DRAM is Dynamic Random Access Memory.
DRAM is the most common form of RAM.
When someone says that a computer has "one gigabyte of RAM", what they really mean is that the computer has one gigabyte of DRAM.
DRAM is called dynamic because it must constantly be refreshed or it will lose the data which it is supposed to be storing.
Refreshing DRAM consists of reading the contents from the DRAM and immediately writing them back to the DRAM.
DRAM is made up of large arrays of very small capacitors. Each of these capacitors is slowly leaking energy, and if the DRAM is not refreshed, eventually one or more of the capacitors will leak enough energy that a 1 will become a 0 and data corruption will occur.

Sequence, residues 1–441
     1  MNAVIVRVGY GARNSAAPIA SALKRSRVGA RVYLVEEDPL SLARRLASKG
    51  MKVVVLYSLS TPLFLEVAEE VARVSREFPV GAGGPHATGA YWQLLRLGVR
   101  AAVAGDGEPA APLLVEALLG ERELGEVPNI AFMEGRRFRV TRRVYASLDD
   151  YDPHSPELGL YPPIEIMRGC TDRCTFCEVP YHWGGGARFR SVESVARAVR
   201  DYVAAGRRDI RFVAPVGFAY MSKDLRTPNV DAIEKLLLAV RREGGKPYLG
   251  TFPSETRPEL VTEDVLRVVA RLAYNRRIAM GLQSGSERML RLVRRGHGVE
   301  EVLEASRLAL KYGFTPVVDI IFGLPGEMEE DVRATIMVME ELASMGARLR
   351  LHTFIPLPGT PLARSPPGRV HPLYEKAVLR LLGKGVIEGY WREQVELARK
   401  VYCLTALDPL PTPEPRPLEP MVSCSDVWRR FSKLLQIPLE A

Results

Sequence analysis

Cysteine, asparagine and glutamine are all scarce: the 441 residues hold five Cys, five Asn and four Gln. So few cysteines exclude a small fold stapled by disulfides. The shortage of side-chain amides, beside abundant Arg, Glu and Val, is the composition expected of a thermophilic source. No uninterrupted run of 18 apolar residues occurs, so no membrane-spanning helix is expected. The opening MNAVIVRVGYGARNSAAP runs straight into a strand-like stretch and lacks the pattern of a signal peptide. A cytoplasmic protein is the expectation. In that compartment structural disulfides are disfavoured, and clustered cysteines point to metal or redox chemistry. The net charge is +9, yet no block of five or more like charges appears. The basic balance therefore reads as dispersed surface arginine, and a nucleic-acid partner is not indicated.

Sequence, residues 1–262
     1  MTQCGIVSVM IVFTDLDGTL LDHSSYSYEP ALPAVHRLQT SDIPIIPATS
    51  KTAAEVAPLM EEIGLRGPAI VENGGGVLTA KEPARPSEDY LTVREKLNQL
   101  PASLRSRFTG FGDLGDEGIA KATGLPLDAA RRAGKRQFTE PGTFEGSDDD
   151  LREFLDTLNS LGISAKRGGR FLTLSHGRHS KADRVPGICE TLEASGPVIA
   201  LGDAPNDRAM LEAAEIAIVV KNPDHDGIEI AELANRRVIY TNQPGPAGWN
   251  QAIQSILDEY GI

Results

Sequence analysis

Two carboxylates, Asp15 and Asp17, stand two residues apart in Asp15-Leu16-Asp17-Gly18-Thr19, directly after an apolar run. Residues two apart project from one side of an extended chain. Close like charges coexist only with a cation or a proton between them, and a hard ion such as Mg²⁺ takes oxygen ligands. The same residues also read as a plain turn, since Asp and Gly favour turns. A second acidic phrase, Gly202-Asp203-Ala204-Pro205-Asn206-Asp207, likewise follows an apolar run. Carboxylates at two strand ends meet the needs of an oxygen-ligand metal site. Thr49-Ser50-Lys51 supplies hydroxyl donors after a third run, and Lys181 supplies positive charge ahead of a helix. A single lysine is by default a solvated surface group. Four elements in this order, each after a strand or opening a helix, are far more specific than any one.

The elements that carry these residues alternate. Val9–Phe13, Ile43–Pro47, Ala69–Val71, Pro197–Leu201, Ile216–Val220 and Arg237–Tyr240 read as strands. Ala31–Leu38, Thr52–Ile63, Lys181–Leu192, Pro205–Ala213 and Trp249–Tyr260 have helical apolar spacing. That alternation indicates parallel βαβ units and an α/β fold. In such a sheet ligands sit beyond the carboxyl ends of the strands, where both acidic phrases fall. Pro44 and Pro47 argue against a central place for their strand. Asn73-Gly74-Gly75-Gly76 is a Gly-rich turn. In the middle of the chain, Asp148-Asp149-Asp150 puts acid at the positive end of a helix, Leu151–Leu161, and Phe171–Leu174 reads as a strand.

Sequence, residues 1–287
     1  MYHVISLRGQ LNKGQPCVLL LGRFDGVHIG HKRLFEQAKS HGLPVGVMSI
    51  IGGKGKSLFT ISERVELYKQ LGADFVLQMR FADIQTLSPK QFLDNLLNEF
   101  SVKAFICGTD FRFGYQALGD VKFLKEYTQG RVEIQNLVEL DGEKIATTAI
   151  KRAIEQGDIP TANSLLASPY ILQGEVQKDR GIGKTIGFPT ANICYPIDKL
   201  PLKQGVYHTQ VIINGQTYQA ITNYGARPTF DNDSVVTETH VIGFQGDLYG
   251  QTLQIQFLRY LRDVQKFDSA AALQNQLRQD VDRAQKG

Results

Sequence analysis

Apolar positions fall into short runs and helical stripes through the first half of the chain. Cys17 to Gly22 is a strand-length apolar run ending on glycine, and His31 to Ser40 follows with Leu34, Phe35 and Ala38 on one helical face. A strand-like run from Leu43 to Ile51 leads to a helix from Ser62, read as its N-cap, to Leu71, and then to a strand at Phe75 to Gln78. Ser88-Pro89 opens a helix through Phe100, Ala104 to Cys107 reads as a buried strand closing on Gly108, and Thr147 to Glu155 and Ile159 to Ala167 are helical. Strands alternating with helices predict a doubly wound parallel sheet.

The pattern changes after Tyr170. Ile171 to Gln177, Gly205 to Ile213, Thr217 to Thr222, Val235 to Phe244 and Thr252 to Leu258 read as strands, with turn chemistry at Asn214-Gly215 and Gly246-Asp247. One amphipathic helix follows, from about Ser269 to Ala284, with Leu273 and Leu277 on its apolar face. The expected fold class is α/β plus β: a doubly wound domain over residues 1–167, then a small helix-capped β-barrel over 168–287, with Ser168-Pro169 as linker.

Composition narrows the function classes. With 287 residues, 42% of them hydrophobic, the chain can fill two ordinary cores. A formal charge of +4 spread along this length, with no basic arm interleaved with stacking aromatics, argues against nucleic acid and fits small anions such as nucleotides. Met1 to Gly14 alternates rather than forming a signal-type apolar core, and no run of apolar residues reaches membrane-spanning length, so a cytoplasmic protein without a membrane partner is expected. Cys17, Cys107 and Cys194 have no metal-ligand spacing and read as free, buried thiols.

DRAM is often contrasted with SRAM (Static RAM). SRAM is able to store data as long as power is applied to it, without needing to be refreshed. SRAM is also able to be faster than DRAM. The drawback, of course, is that SRAM is much more expensive than DRAM.
Both DRAM and SRAM lose their contents when the power to them is turned off.